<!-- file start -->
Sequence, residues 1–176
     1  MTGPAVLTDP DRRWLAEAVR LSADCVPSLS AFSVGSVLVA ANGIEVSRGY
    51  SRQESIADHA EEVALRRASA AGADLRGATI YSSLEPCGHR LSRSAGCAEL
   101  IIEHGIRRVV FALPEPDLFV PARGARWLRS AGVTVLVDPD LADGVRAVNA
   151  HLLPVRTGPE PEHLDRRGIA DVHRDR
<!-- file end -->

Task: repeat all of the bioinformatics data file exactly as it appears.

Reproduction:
Sequence, residues 1–176
     1  MTGPAVLTDP DRRWLAEAVR LSADCVPSLS AFSVGSVLVA ANGIEVSRGY
    51  SRQESIADHA EEVALRRASA AGADLRGATI YSSLEPCGHR LSRSAGCAEL
   101  IIEHGIRRVV FALPEPDLFV PARGARWLRS AGVTVLVDPD LADGVRAVNA
   151  HLLPVRTGPE PEHLDRRGIA DVHRDR